DARRAJ: I’ve experienced this my entire life, from all directions, in fact. Growing up as a Palestinian American in the United States in the ’70s and ’80s was fraught with difficulty. In the media, in pop culture, Arabs were portrayed, as Jack Shaheen put it, as “billionaires, bombers, and bellydancers.” I remember writing protest letters to a costume company about a mask that they produced called “The Sheik” — it was a horrible thing, depicting Arab men in a grotesque way. It was racist, plain and simple, and it was hard to believe that nobody else could see it that way. During the first Iraq War, I faced a lot of difficulty at school from angry and confused classmates. Furthermore, I struggled because during the first Intifada, I watched children my age confront occupying military forces — this was life-changing for me, a pivotal moment in my awareness, and yet none of my peers cared or knew anything about it. I felt that again in 2014, when Gaza was being bombed, 2,000 Palestinians were killed, but my social media feed was filled with pictures of people’s dinners and photos of their pets. When I posted about Gaza, it made people uncomfortable.
“So that’s the Palestinian experience in America — nobody wants to really talk seriously about the occupation, and it’s disheartening and isolating.”
I will say that things seem to be changing: as a young person, I could never say I was “Palestinian” without inviting a debate. The very existence of a Palestine and a Palestinian people was hotly contested, but that’s slowly changing. And thanks to social media, Palestinian voices and perspectives have a platform. For example, a year ago, I launched #TweetYourThobe last year and it went viral; people all over the world admired an important aspect of Palestinian culture and women’s artwork.
AWM: What inspired you to become a writer?
DARRAJ: I’ve always loved creating new worlds. Writing is very solitary, and maybe part of that appealed to me because I’m an introvert. This is probably an outgrowth of how widely and how much I read as a kid. I used to check out several books from the local library and finish them within a week, then go back for more. My favorite types of books were mysteries, and I specifically recall reading through the Agatha Christie section. I couldn’t read enough Hercule Poirot novels — he’s still one of my favorite fictional characters of all time. My favorite writers as a teenager included African American and Latinx writers, who helped me see how one could articulate a perspective from America’s margins.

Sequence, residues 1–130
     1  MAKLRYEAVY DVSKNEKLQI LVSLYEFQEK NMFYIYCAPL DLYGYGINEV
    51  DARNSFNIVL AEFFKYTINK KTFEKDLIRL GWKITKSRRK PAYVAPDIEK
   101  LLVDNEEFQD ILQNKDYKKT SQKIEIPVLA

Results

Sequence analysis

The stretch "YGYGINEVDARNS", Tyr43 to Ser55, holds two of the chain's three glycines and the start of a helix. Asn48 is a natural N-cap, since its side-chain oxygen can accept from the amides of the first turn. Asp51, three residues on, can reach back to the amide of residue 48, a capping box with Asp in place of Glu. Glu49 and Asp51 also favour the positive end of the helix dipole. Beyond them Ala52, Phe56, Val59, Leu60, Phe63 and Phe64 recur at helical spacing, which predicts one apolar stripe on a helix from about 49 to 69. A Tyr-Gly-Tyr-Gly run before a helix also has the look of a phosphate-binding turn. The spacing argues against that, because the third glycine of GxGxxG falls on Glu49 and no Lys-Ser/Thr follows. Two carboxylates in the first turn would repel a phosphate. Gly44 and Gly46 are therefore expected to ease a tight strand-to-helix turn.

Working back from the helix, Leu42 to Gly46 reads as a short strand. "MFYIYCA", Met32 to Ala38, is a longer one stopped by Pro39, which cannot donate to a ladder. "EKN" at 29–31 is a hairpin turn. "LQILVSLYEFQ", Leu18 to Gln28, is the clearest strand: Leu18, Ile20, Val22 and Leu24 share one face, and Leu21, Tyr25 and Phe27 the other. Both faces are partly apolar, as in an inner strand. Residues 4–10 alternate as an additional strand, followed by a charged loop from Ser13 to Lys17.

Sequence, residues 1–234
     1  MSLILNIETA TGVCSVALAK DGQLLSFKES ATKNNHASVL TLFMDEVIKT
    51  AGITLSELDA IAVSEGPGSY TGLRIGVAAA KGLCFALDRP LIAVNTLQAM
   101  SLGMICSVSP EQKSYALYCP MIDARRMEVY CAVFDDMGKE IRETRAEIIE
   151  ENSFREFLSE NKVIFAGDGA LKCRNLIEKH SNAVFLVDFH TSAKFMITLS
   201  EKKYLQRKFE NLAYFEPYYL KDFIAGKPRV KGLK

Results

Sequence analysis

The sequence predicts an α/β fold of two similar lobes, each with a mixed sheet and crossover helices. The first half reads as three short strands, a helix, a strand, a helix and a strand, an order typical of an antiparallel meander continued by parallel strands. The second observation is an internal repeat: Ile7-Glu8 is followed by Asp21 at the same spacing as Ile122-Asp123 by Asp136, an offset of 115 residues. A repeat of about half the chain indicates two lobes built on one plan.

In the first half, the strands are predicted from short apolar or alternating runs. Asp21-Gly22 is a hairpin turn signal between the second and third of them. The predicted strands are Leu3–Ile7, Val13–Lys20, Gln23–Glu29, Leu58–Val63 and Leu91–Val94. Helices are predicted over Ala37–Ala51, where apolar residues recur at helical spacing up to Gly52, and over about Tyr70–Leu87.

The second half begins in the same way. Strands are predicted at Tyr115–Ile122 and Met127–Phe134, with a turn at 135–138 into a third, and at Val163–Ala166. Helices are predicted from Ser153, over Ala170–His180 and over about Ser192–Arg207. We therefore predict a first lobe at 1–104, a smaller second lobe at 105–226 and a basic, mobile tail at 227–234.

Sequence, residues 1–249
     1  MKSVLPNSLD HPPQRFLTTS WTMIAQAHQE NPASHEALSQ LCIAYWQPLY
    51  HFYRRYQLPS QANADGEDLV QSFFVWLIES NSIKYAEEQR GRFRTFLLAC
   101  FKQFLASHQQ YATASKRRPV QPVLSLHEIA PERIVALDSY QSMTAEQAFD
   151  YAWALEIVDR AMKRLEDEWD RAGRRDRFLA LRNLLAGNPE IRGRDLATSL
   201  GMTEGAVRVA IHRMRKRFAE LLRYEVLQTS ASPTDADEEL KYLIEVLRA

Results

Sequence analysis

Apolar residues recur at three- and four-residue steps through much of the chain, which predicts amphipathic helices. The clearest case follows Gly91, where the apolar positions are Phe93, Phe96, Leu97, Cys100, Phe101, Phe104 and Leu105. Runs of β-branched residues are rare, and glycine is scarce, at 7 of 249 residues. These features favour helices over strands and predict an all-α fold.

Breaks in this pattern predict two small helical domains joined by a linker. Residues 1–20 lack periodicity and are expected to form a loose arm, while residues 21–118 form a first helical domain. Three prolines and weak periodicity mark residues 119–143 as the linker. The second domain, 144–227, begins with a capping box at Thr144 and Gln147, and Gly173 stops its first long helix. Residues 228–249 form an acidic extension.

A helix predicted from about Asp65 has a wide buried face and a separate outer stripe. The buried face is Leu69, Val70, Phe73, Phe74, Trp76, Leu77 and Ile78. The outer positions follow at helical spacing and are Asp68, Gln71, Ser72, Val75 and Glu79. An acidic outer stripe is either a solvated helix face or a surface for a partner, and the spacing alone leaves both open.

“Generosity to me means reaching out and trying to soothe the fears of your fellow Americans — I hope, despite this current toxic climate, that that spirit is not dead. I don’t think it is.”
AWM: What does the notion of “American-ness” or “being American” mean to you?
DARRAJ: I have an expansive view of American-ness. It’s always changing, but at its core, it’s defined by a sense of generosity. Generosity means caring about people and being invested in their problems, even when it’s not immediately affecting you. For example, as an Arab American woman in the United States, I am moved by the plight of others, especially by the fact that we have children in cages at the border, by the backlash against the #BlackLivesMatter movement, and by the plight of Native American and indigenous people. I’m concerned by the fact that LGBTQ students still feel unsafe and unwelcome in their schools. So generosity to me means reaching out and trying to soothe the fears of your fellow Americans — I hope, despite this current toxic climate, that that spirit is not dead. I don’t think it is.
AWM: If you could meet one American writer from the past who would it be and why?
DARRAJ: James Baldwin. Without a doubt. He was a huge influence on me, on how I think about race and class issues, about “otherness.”
AWM: What are you reading now?
DARRAJ: In terms of YA literature, I’m reading Elizabeth Acevedo’s new novel, as well as several new chapter book series by Saadia Faruqi, Nikki Shannon Smith, Andrea Rogers, VT Bidania and many others. In terms of fiction for adults, I love Erika Wurth’s books, and I’m excited about forthcoming novels by Michael Zapata, as well as by Arab American writers Sahar Mustafah and Zeyn Joukhadar.